Why you should go to church

Michael Smith:

In Memphis, Tennessee last week, about sixty miles north of my Mississippi hometown, there was a violent kidnapping, rape and murder of a young teacher committed by a man of disposition little removed from that of a feral animal. This horrific act was closely followed by a random shooting spree that was livestreamed on Facebook by another man absent his humanity. Then there was the vile reaction to the peaceful passing of a British Queen in Scotland by a Carnegie Mellon professor, Uju Anya, who tweeted she hoped Queen Elizabeth died an excruciating death.

These things are connected by a question as old as history.

What is it in the hearts of men that make them do what they do?

It seems such an appropriate question in the first two instances, but the savaging of Queen Elizabeth II and her memory would logically seem to be something different.

It isn’t.

For a long time, I have pondered the role of morality – or the lack thereof – in our contemporary society and how morality either restrains or promotes our actions.

There are certain things civilization once placed off limits, some important enough to do by force of law (murder and mayhem) and some culturally enforced (such as restraint when condemning others).

I was reared in the South during a period when a genteel culture still undergirded small town live. Very much akin to the Victorian culture in England, from which it was clearly cloned, people were polite to a fault, and even the fallen within the eyes of the community were spoken of in polite, hushed tones, if they were spoken of at all. There was a sense that speaking ill of the dead (or those who rejected civil order and civility) should be done in private – and to a very large extent, it was.

That doesn’t mean that people didn’t recognize evil, in many ways, it sharpened the focus on it because it was so out of bounds in society.

This wasn’t a feature limited to the upper classes of my small hometown, it cut across all socioeconomic boundaries to extend to all members of the community. My maternal grandmother, the wife of a farmer and mother of six, would often chastise children and adults alike to hold their tongues when she was witness to abridgement of our informal rules.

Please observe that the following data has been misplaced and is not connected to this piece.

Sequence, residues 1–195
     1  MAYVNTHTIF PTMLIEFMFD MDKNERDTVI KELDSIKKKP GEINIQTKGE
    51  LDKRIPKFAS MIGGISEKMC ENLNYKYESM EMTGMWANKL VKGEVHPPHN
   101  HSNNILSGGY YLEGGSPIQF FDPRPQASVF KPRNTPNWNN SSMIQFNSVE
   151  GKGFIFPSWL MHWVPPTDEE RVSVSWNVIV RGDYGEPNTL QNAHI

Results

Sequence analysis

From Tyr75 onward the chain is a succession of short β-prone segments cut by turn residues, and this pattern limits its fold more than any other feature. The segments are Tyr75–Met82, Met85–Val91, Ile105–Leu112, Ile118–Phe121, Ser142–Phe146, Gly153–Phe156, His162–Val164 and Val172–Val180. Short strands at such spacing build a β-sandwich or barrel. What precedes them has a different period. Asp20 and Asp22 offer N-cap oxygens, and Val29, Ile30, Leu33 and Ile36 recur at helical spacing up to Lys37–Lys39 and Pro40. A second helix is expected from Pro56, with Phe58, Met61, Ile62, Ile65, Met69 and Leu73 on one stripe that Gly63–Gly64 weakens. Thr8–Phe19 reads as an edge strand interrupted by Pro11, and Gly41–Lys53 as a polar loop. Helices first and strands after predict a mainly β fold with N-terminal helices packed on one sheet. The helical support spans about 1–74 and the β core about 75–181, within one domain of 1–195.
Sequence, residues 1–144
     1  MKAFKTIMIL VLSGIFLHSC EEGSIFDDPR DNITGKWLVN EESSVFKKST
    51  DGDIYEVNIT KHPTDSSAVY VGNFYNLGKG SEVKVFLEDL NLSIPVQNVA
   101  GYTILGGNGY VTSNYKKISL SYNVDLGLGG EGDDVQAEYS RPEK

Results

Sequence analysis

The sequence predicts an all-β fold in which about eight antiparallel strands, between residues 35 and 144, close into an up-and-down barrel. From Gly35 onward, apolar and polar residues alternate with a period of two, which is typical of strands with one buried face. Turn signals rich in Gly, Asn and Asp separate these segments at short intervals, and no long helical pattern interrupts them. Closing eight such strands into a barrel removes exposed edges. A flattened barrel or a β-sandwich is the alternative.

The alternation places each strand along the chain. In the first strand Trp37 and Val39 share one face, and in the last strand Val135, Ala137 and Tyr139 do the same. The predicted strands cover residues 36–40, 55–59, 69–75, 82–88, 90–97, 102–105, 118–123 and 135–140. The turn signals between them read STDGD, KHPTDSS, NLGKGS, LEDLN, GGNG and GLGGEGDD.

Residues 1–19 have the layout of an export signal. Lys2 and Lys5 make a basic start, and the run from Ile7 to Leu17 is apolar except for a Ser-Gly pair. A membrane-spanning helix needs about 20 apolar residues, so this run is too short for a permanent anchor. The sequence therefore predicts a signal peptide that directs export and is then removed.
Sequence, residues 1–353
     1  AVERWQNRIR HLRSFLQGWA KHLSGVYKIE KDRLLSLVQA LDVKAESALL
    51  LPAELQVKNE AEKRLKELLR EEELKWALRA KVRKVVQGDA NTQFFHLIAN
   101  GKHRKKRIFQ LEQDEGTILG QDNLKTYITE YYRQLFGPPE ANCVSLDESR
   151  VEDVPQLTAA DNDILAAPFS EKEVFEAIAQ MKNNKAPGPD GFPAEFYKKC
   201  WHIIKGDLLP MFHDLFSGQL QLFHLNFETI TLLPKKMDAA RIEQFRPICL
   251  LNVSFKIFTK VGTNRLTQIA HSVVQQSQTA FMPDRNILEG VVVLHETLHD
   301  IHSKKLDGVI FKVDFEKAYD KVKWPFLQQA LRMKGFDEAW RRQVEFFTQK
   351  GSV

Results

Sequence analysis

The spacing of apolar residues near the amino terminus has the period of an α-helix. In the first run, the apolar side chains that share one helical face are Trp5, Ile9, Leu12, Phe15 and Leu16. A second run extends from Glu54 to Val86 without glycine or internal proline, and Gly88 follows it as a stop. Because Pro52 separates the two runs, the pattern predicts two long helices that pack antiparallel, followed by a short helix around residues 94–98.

For me, I see a tie between Christianity and morality. I was reared in a strong Christian family, with strong Christian values, so I guess that is unsurprising – but I also have traveled the world, been exposed to hundreds of different cultures and the various religions of the world, Christianity, Judaism, Islam (Sunni, Shi’a, Ibadi, Ahmadiyya, and Sufism), Buddhism, Zoroastrianism, and many more variations on those belief systems and when it comes down to it, there are a very select few morals all of these religions share.

The inference I draw from that is that morality isn’t uniquely Christian. I’ve also known people who don’t have a religion, even some who reject the existence of God, who act according to moral codes equal or superior to those to which religious people abide.

I also allow it is possible to follow a moral code without being explicitly “moral” or connected to any religion.

But what I have also observed is that those without religious ties are often those most likely to transgress both moral and corporeal (human enacted civil and criminal) laws.

Humans need religion. One thing every human has in common is a search for something to explain the unexplainable or a way to unknow the unknowable, and in almost every case, these searches for meaning evolve into religions. Doesn’t matter if they are monotheistic, polytheistic, agnostic, or simply atheistic, something that fits the definition of a religion always develops.

There is a balance in religion as there is always in nature. When something is taken, something else takes its place to maintain balance. Such is true when we think about a God derived religious morality and the morality that lacks God as a basis. In general terms, the latter is called secular humanism, a religion rooted in science, philosophical naturalism, and humanist ethics.

Secular humanists eschew any reliance on faith, doctrine, or mysticism, and substitute compassion, critical thinking, and human experience to find solutions to human problems.

Secular humanism has attracted quite a following these days, not because it is a positive evolution, I think, but because secularism involves a “flexible” morality where everything is allowed based on what is popular among members of that belief system.

I’ve heard it termed “popular morality”, a fluid system subject to what is allowed or ignored.

Whether we want to recognize it, the secular humanists in our society and culture are sending a message to criminals and university professors alike that your most vile actions and words aren’t going to be eliminated from society.

Who are we to judge?

It certainly seems to me that when anything is fluid, it is meaningless.

Something the French philosopher Albert Camus said, that “’Everything is permitted’” does not mean that nothing is forbidden…” holds universally true.

A morality rooted in God’s Law is that thing that draws the line between what is forbidden and what is allowed. It is what makes taking a life evil, it is what makes lying unacceptable. Secular humanism is seen as “enlightenment”, but not only can it not draw that line, it will not.

Often, secular humanism searches for ways to approve the action that God’s morality forbids, even when that action harms both believers and non-believers alike.

As I noted, I believe people without a religious moral code can act morally. It would seem it is past time for all of us to recognize that whether one believes in God, one must believe that system of morality leads to the type of civil society and tolerant culture that protects freedoms for us all.


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